What Would Harold and Maude Do?

I remember the first time I saw Harold and Maude. It was here in San Francisco, in Dolores Park, on one of their movie nights. I’m sure it was freezing cold and foggy.  There is a scene, for those of you haven’t seen it or saw it years ago, where Harold and Maude liberate a tree from its urban constraints. That scene has stayed with me for many years.

As a refresher:

Maude: [gesturing to a sick tree growing in a sidewalk] Harold, we have *got* to do something about this life.
Harold: What?
Maude: We’ll transplant it. To the forest.
Harold: You can’t do that.
Maude: Why not?
Harold: This is public property.
Maude: Well, *exactly.*

I like the issues this scene addresses: environmentalism, urban planning, and social responsibility to name just three. Maude makes the astute point that the tree is public property and thus accessible to her if she wants to make a change. But what kind of changes do we really want to enact?

I appreciate Maude’s guerilla environmental activism, yet actions like this feel fruitless. Do we really want to take the tree to the forest, or do we want to make our cities places where trees can thrive? (Admittedly, this is not the question Maude was tackling). As I see it, this is part of the problem with projects like the Million Tree initiatives, which make for good politics but not necessarily for great urban forests.

It is easy to say “I want lots of big trees!” but much harder to lay the groundwork – proper growing conditions, good stock, maintenance — for making that outcome possible. Having said that, the thought of taking action and ‘saving’ something is powerful and invokes very visceral feelings. It’s easy for people to understand and support. (Plus the scene where Harold and Maude drive the tree to the forest is just hilarious.)

 

So how can we save our urban forests? It is incumbent on us to provide urban trees with spaces to grow and flourish. We encourage cities and states to view trees as the utilities that should be valued as part of their green infrastructure. We’ve discussed many reasons why trees benefit the urban environment – aesthetics, property value, traffic safety, public health and wildlife habitat to name just five. But our public spaces need to accommodate their needs in order for this to happen.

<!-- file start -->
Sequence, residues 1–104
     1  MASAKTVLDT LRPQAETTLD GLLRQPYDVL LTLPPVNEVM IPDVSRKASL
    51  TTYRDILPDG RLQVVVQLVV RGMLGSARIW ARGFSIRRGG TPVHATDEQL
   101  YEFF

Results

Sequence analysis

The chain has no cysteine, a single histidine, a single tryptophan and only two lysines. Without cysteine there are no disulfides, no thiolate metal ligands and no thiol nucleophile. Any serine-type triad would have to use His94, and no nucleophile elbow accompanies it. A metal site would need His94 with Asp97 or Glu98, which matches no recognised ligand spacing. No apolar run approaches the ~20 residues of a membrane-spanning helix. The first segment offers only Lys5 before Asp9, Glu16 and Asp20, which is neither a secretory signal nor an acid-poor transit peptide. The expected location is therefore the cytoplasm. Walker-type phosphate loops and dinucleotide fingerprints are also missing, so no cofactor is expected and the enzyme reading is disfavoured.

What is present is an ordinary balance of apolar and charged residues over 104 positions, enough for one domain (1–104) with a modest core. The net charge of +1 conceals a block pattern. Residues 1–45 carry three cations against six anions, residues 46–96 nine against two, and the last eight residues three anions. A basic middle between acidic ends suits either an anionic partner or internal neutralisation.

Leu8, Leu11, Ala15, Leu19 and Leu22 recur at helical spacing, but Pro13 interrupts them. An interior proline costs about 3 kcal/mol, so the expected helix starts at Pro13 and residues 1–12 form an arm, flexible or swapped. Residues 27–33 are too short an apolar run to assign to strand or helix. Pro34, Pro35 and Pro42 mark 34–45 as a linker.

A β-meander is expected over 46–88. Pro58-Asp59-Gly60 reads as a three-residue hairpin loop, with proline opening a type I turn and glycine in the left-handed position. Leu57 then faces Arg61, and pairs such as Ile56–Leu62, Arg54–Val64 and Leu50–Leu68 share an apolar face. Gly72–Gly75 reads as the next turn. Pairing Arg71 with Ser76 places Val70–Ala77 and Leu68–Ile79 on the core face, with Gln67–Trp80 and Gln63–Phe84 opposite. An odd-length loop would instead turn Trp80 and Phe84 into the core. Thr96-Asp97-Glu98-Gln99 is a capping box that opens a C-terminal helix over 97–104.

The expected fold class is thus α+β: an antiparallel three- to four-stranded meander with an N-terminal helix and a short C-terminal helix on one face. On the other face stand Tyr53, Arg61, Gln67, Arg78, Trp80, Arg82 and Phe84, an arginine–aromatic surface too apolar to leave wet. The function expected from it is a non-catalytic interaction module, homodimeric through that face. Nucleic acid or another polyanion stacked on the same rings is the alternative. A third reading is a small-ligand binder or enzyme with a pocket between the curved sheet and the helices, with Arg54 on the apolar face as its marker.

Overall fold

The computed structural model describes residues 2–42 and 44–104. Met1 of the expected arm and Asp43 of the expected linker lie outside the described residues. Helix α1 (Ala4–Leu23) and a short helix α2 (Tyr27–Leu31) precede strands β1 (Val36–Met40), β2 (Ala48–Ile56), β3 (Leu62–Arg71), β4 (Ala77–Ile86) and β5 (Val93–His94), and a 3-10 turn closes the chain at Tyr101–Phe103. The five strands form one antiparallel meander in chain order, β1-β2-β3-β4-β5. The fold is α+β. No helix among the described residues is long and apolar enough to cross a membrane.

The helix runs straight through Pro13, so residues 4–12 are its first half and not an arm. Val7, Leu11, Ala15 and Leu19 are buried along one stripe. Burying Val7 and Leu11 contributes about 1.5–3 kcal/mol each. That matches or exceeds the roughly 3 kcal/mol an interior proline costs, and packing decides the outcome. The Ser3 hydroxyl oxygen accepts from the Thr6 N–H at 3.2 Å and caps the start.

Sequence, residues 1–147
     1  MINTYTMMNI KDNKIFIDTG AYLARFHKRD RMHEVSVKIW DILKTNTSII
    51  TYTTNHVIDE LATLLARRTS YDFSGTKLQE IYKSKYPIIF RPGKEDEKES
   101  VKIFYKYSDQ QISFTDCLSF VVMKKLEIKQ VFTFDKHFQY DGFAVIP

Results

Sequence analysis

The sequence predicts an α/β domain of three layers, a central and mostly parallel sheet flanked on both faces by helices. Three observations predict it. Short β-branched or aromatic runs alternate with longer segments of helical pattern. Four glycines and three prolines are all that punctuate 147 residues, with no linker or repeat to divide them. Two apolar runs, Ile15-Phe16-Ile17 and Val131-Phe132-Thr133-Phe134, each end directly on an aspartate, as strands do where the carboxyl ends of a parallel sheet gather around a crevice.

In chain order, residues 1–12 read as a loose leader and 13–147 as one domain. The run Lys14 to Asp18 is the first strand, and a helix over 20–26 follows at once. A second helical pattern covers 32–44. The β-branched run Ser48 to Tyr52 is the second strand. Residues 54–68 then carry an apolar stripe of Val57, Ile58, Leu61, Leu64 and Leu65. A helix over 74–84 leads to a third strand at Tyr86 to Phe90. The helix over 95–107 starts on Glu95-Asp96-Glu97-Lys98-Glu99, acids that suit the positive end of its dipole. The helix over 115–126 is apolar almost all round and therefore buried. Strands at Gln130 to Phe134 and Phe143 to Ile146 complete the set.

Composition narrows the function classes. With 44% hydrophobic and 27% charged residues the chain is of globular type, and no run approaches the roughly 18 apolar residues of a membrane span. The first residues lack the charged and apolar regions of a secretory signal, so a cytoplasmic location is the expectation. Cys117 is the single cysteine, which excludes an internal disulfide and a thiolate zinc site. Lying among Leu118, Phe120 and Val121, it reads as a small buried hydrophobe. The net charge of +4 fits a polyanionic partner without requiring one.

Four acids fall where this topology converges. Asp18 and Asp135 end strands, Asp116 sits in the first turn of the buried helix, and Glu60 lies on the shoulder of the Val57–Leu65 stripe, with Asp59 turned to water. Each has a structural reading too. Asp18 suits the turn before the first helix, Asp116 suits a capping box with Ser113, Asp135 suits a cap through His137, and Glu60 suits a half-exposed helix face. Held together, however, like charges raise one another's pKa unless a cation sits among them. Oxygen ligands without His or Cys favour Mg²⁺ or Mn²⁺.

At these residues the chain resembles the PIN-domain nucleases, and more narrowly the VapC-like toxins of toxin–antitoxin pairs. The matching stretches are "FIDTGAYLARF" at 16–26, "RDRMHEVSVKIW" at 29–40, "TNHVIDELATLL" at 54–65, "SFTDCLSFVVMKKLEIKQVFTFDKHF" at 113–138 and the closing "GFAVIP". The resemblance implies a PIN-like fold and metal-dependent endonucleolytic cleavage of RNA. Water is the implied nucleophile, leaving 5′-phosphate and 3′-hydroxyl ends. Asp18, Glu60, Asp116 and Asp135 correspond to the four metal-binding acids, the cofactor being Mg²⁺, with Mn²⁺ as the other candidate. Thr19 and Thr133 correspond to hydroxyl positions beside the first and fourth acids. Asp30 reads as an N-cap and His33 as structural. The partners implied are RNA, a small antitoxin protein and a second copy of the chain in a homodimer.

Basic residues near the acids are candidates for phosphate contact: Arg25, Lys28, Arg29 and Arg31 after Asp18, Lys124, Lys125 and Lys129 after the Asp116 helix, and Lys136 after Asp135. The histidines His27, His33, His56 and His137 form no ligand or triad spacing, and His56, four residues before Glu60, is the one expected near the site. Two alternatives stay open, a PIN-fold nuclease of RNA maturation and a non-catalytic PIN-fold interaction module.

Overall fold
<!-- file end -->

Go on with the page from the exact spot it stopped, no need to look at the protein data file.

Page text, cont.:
Sure, municipalities that require soil volume amounts do not get flashy write-ups in newspapers, but they are enacting actual change that has substance and will make a difference. We have a responsibility to leverage our investment in public spaces, and trees are an important way to do that. A few places that have enacted soil volume standards are the City of Emeryville, CA, Charlotte, NC and & Mecklenburg County. Others, such as New York, Philadelphia and the West Virginia Department of Environmental Protection are committing to overall green infrastructure plans to make their cities more sustainable and functional places (particularly with regard to stormwater).

It is exactly this type of innovative thinking that will usher us into an age that I think Harold and Maude would have approved of. After all, as Maude says, we shouldn’t “back away from life.” In this case, that means that we must advocate for a participatory public space that people can really participate. Rather than taking life out, we bring it in.

Maude: [gesturing to a sick tree growing in a sidewalk] Harold, we have *got* to do something about this life.
Harold: What?
Maude: We’ll go to the city council and demand higher soil volumes for this tree and all other trees planted after it.  And we will insist that they use green infrastructure to deal with excess storm water
Harold: You can’t do that.
Maude: Why not?
Harold: This is public property.
Maude: Well, *exactly.*

Image: Ken’s Blog

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